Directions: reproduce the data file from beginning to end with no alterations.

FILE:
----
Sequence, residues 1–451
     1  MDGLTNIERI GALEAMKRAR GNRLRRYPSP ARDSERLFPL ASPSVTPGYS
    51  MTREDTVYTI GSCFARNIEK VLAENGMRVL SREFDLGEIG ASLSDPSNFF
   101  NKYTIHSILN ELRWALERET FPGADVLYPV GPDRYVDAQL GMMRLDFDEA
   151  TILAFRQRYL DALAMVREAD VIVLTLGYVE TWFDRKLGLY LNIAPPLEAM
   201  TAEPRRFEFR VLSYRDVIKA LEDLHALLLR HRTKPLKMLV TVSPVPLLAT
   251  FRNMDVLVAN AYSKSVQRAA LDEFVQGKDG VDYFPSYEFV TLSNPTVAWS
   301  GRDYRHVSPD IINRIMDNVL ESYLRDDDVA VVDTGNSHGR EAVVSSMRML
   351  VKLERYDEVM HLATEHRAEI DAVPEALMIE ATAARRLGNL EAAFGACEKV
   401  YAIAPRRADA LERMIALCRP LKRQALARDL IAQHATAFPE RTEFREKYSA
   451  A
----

Sequence, residues 1–451
     1  MDGLTNIERI GALEAMKRAR GNRLRRYPSP ARDSERLFPL ASPSVTPGYS
    51  MTREDTVYTI GSCFARNIEK VLAENGMRVL SREFDLGEIG ASLSDPSNFF
   101  NKYTIHSILN ELRWALERET FPGADVLYPV GPDRYVDAQL GMMRLDFDEA
   151  TILAFRQRYL DALAMVREAD VIVLTLGYVE TWFDRKLGLY LNIAPPLEAM
   201  TAEPRRFEFR VLSYRDVIKA LEDLHALLLR HRTKPLKMLV TVSPVPLLAT
   251  FRNMDVLVAN AYSKSVQRAA LDEFVQGKDG VDYFPSYEFV TLSNPTVAWS
   301  GRDYRHVSPD IINRIMDNVL ESYLRDDDVA VVDTGNSHGR EAVVSSMRML
   351  VKLERYDEVM HLATEHRAEI DAVPEALMIE ATAARRLGNL EAAFGACEKV
   401  YAIAPRRADA LERMIALCRP LKRQALARDL IAQHATAFPE RTEFREKYSA
   451  A